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Nov 2022: Twitter-Themed Lures Used in Credential Phishing Attacks
Threat Alert: What to Watch For
- Cybercriminals have launched phishing attacks impersonating Twitter Services. The emails include links to lookalike landing pages that are designed to steal Twitter credentials and phone numbers.
- While the email display names make it appear the messages come from “Twitter Services,” the actual sending address is a Gmail account.
- The emails use the proposed change at Twitter of charging verified users a monthly fee to maintain their verification status. The messages try to entice recipients into clicking a link in the email by promising to provide account verification for free.
- While these attacks reference the much-discussed “blue check” controversy at Twitter, any unsolicited emails that appear to come from Twitter in the next several weeks or months should be handled with caution. Additionally, you should be cautious of unsolicited direct messages on Twitter, especially those encouraging you to continue the conversation on another platform.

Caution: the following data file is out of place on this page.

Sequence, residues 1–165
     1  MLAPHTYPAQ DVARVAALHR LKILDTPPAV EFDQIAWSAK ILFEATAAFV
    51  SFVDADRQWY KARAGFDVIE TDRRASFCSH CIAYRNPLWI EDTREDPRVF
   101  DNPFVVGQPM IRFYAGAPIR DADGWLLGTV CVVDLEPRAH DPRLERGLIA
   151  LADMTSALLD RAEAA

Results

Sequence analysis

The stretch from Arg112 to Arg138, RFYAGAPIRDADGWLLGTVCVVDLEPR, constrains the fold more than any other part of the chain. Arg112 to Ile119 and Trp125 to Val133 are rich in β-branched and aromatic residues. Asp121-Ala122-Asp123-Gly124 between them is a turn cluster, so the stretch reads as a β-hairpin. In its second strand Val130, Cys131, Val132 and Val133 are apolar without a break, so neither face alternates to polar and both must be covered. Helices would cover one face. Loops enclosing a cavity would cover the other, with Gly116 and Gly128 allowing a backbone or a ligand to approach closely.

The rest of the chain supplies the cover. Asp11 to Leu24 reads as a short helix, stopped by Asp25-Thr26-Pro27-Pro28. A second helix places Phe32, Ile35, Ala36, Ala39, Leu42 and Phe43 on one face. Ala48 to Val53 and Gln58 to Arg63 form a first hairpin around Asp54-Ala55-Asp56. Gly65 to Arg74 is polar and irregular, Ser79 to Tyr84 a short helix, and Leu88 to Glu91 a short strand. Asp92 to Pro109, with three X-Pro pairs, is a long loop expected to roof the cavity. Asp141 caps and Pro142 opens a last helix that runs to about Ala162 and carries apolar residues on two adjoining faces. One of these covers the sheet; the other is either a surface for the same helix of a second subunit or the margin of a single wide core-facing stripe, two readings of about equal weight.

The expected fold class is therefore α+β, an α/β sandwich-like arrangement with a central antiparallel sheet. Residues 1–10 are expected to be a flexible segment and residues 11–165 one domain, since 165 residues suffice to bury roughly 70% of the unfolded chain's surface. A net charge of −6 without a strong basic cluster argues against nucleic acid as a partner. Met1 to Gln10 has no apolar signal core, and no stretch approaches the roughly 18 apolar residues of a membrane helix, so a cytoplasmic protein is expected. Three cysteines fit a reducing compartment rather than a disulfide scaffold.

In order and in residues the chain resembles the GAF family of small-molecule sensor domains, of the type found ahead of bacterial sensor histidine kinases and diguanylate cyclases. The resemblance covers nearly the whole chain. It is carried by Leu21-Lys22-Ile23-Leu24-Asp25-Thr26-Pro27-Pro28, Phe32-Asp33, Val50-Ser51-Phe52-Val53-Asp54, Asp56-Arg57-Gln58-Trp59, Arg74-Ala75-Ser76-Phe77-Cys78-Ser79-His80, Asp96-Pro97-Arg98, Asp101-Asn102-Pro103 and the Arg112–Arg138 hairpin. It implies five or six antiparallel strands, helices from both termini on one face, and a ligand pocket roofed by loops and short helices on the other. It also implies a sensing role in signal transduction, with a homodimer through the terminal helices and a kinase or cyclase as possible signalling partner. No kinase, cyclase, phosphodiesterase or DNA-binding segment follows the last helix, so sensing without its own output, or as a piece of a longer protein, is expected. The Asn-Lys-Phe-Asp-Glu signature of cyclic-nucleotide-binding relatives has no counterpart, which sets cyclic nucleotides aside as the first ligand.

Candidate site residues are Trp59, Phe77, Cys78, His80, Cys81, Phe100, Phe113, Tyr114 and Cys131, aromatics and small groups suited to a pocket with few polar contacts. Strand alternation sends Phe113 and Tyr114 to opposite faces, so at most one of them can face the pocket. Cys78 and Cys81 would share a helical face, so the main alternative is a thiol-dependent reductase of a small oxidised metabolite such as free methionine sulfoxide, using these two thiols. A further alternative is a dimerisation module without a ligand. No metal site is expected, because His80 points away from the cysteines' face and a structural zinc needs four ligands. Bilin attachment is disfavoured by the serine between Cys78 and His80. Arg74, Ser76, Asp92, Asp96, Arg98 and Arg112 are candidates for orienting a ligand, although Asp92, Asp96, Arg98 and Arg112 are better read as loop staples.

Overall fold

Key Action: Report Suspicious Emails
- Report ANY suspicious emails by clicking on the Phish Alarm button.
- Remember: Our organization occasionally sends malicious email simulations that are used to evaluate the potential impact of a real attack. Report any emails that match the tactics described above.
- If a reported message is a simulation, you will see a notification alerting you to that. No further action is needed on your part.
- If a reported message was not a simulation, and you are concerned about a time-sensitive request, you must take additional steps to verify the email is valid before acting on it.
Tips to Remember (at Work and at Home)
- Remember that cybercriminals commonly leverage current events in phishing attacks. High-profile news events like the ongoing changes at Twitter spark a lot of curiosity and conversation. Attackers know people will be tempted to engage with emails that mention these kinds of topics, especially when offering the opportunity to obtain a premium service for free.
- Be extremely cautious of emailed links that lead you to an account login page—even if the page looks “right.” It’s always safest to control your own path and log in via known, trusted channels.
- Remain alert to phishing indicators. Mismatches between sending addresses and an organization’s name are always warning signs (Twitter would never send an email from a Gmail account!).